- UN Resolution on Human Rights in Iran Passes by 78-35 Margin
- Arash Sadeghi met his family after 70 days
- Protest of Mohammad Ali Taheri’s students in front of Evin Prison
- Four Bahai shops closed in Nashtarud, more closures expected
- 11 Sunni prisoners at risk of imminent execution
- Mohammah Banazadeh released from prison
- Report: Iran secretly continuing nuclear weapons work
- Iran unveils the dates on building new nuclear reactors
- Britain says not optimistic about Iran nuclear deal by deadline
- Democratic transition to prevent revolutionary Iran from nuclear-armed status
- Obama warns of 'big gap' as US, Iran seek nuclear deal
- Agency claims Iran still working toward nukes
- Woman gets 1 year in Iranian jail for attending volleyball game
- Mother of Iranian woman sentenced to death makes plea for daughter's life
- Iran to Hang Rayhaneh Jabbari for Killing Man who Tried to Rape Her
- Iranian Women Unemployment Rate at 43.4 Percent
- Rock Star Scientist
- Remembering Simin Behbahani
- Getting Close to Terror, but Not to Stop It
- Lawmakers slam Obama's 'outrageous' letter to Ayatollah
- Iranian regime: US is still ‘number one enemy’
- ISIS eyes using Ebola as bio weapon: Spain
- Egypt, Gulf Arab allies eye anti-militant alliance
- Putin's Response to EU Sanctions: See You in Court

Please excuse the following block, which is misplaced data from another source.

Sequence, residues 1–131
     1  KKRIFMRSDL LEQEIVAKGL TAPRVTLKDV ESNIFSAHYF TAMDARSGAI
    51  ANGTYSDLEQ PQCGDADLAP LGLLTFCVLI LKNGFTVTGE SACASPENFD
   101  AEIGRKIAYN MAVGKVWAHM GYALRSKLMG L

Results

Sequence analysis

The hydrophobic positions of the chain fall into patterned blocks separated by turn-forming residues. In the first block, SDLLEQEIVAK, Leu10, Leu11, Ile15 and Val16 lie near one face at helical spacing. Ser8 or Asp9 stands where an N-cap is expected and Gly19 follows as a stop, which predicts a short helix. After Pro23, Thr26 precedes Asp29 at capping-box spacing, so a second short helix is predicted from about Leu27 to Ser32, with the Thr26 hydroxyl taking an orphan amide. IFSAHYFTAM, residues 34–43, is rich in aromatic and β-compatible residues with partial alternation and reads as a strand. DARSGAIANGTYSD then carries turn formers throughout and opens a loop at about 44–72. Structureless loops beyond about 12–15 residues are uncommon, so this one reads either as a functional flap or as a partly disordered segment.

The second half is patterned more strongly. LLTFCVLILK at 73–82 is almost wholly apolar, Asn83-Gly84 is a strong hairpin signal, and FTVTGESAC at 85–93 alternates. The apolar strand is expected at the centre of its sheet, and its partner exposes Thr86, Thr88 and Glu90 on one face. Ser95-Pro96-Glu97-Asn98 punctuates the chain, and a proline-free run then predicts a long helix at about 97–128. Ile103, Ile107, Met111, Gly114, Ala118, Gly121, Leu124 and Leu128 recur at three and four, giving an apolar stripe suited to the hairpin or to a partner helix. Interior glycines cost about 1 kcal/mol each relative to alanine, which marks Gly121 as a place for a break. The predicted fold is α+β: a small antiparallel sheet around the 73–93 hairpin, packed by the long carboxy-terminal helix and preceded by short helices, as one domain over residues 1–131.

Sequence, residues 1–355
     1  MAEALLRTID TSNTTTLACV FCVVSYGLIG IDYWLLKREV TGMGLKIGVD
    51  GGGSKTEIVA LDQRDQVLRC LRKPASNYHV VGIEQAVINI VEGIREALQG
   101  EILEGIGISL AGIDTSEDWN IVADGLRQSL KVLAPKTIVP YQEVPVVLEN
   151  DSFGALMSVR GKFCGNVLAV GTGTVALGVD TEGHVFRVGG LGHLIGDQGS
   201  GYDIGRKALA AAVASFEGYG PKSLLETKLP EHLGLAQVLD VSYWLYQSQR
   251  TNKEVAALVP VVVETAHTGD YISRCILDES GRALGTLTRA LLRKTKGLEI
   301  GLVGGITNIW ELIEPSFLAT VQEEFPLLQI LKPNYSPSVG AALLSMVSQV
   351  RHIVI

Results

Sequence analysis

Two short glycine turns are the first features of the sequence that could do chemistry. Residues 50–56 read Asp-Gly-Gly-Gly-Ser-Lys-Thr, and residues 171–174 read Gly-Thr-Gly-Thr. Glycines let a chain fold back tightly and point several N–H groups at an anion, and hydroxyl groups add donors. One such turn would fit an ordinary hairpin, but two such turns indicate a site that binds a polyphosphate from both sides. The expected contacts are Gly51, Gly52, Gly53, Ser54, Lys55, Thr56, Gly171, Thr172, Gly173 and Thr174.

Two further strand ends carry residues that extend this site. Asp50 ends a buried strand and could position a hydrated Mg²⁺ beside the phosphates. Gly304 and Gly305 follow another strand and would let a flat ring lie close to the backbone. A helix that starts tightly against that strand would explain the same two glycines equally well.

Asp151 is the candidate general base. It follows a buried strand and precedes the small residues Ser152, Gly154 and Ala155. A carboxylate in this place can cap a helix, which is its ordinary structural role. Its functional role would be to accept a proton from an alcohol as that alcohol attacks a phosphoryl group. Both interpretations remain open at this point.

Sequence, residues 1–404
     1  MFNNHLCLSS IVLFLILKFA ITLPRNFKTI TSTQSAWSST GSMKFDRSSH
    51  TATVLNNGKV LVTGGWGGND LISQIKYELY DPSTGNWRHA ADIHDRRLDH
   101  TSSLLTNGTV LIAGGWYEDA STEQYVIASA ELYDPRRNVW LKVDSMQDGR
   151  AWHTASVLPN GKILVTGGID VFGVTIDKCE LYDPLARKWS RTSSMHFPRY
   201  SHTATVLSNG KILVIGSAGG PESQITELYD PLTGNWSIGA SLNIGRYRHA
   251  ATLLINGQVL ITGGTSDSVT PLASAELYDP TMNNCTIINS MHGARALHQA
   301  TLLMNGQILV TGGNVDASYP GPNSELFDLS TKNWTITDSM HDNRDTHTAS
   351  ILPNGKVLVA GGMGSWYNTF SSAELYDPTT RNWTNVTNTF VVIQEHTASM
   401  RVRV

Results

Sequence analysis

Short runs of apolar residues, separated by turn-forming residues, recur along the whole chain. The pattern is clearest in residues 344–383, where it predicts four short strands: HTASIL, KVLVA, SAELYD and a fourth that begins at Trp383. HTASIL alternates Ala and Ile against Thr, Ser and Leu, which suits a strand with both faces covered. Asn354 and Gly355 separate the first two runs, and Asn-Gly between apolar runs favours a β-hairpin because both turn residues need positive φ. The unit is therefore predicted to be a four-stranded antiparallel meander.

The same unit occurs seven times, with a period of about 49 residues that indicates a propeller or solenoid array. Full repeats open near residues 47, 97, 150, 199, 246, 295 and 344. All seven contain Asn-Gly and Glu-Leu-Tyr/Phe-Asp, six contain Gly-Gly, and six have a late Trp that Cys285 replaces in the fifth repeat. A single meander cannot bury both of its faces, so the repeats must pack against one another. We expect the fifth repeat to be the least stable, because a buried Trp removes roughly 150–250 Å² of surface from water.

Tuesday 21 June 2011
Iran will hear the case against three Americans detained for nearly two years on spying charges on July 31, their lawyer told Reuters on Tuesday, and he said he hoped a final decision on their case will be made then.
Josh Fattal, Shane Bauer and Sarah Shourd were arrested by Iranian forces on July 31, 2009, on suspicion of spying after crossing into Iran from neighboring Iraq.
"The next trial will be held on July 31," Masoud Shafiee said on Tuesday. He said he had received a notification of the trial from Iranian authorities.
Shourd, who was released on bail in September and returned home, has insisted the trio were innocent hikers who unintentionally crossed an unmarked border into Iran.
"Since the trial date coincides with the second anniversary of their arrest and continuous detention, I hope that this session will put an end to their case," Shafiee said.
The U.S. State Department last month urged Iran, with which Washington has no diplomatic ties, to quickly resolve the case.
The Americans' last hearing, scheduled for May 11, was postponed without a clear reason. Iranian authorities had called on Shourd to return to Tehran to stand trial alongside Fattal and Bauer.
Shafiee said unlike the previous time, Iran had not asked Shourd to be present at the court session.
Bauer and Fattal pleaded not guilty at a closed-door court hearing on February 6. Under Iran's Islamic law, espionage can be punished by execution.
Tehran Prosecutor-General Abbas Jafari Dolatabadi had also said earlier this month he hoped a final verdict over the case would be made in late July.
The case has further complicated relations between Tehran and Washington already fraught over Iran's nuclear activity.
Western powers suspect Iran is trying to develop nuclear weapons under the cover of an atomic energy program. Tehran denies this, saying its nuclear activity is entirely peaceful.